Biodiesel is a recycled, renewable resource that can be manufactured in the U.S. Although the chemical structure of biodiesel is a bit different than that of diesel refined from petroleum, its use is basically the same as petroleum diesel. Almost 12 million Class 3 to 8 trucks are registered in the U.S., according to R.L. Polk, of which approximately 80 percent are powered by diesel engines. The National Biodiesel Board estimates that the U.S. will produce 242 million barrels of biodiesel from crude oil between 2006 and 2015.
If all diesel fuel had a 20 percent blend of biodiesel, we would see a much more substantial reduction in the use of diesel fuel. For the most part, blends of up to 20 percent biodiesel can be used in any diesel engine. One concern is that biodiesel releases deposits in fuel tanks and fuel systems, which may require filter changes.
Vehicles that have the potential to be fueled by biodiesel include light-duty and heavy-duty vehicles manufactured after 1993, according to the United States Department of Energy (DOE).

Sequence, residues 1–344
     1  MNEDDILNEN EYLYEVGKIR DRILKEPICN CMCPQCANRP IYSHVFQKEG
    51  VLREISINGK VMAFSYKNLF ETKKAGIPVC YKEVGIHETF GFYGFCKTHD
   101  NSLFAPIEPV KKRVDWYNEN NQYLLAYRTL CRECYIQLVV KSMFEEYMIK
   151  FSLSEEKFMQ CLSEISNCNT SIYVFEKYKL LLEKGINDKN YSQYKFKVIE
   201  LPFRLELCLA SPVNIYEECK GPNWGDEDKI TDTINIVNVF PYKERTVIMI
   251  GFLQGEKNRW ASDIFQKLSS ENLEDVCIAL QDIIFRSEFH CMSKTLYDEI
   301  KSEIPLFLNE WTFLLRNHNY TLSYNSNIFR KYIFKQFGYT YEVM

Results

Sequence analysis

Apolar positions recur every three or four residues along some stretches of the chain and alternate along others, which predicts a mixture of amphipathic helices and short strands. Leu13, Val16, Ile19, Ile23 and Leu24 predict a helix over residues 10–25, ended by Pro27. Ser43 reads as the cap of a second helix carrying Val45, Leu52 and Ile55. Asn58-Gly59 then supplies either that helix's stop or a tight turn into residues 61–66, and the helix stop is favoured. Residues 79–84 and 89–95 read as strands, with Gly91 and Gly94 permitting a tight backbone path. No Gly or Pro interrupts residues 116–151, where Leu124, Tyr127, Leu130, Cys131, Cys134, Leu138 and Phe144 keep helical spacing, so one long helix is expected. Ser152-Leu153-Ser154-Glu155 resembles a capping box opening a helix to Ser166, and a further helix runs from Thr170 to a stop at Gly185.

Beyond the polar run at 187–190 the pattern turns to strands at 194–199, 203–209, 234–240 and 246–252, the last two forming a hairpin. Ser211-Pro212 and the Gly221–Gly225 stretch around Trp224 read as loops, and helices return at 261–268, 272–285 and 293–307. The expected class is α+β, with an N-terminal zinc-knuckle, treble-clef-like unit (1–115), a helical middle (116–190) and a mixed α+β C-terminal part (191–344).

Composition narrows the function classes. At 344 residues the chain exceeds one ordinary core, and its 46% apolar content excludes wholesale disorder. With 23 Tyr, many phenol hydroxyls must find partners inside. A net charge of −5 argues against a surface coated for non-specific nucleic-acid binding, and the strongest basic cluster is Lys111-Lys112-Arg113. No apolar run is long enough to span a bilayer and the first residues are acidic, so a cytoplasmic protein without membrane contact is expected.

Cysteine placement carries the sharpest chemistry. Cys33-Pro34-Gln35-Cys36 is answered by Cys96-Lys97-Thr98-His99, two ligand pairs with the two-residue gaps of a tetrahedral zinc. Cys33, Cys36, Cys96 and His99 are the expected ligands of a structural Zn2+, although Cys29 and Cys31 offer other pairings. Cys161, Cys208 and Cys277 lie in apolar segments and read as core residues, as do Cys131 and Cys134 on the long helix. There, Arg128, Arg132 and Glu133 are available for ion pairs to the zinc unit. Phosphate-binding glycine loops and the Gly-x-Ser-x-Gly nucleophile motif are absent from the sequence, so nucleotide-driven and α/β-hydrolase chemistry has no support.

Strengths and benefits of biodiesel include:
- Relatively low impact to environment - Biodiesel contains virtually no sulfur or aromatics and, when used in a conventional diesel engine, results in reduction of unburned hydrocarbons, carbon monoxide and particulate matter. Its production and use results in 78.5 percent reduction in carbon monoxide emissions as compared to petroleum diesel.
- Potential to reduce dependence on foreign supply - According to the National Biodiesel Board (NBB), for every billion dollars spent on foreign oil, the U.S. lost 10,000-25,000 jobs. Biodiesel can be manufactured domestically with vegetable oils using existing industrial production capacity and conventional equipment.
- Potential impact on job growth - The NBB estimates that for every 100 million gallons of biodiesel produced from algae, 16,455 jobs will be created.